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All aboard the Osbornesource bandwagon!

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His second policy idea is for the government to use "social networks [as] an opportunity to connect with and listen to new audiences."

Osborne didn't say how this might be done, but he reeled off a lot of examples like MySpace and the mobilisation of protesters over the internet. Like other politicians who have tried to claim some of the internet's magic for their own, he appeared not to understand that like any communication medium that has come before it, the internet has improved the quality of debate and participation only for social networks themselves.

Social groups still operate as pockets of specialism, activism or interest, whether it be bloggers on the campaign trail or mums telling one another how best to change a nappy. There's only so much anyone can read, there are only so many brands anyone can trust and there is only so much room in the ever shrinking corridor that leads up the establishment hierarchy to lofty eyries* of power.

The third policy idea was sort of like the first, only he it seemed more certain. That is, using the example of what Osborne called open source collaboration in science, industry and the public sector, he pointed to how the government might "get on board" by drawing more, better information from the communities they serve, and so improve their services.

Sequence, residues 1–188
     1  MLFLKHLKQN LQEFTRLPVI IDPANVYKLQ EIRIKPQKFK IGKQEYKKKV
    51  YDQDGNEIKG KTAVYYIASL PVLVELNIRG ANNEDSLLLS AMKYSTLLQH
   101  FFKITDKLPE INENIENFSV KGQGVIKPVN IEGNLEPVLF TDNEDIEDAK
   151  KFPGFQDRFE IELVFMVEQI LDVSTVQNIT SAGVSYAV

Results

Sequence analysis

True Blues don Red Hats

Osborne also declared how the government could save five per cent of its budget, or £600m, by using more Open Source software. Only he applauded Microsoft's "engagement" with the Open Source community.

"This is not about being anti-Microsoft," he said, "Microsoft is an important and valued employer in the UK."

Microsoft has caused some consternation in the Open Source community recently for the nature of its deal with the The British Educational Communications and Technology Agency (Becta), the procurement sheriff for schools. As Osborne recognised, the system should be reformed, as small firms and Open Source suppliers are being cut out of public sector procurements so conssistently the whole system . Schools, for example, could save 50 per cent of their IT costs if they used Open Source, he said.

Nice idea, but as Microsoft has held Becta to a secrecy clause, the competition is barred somewhat from making its way in.

The world doesn't appear to be changing quite so radically as we would like to believe the politicians are telling us - but it would be a darn sight duller if the rhetoricians spoke like civil servants, and that's why the democratisation of information will only go so far.®

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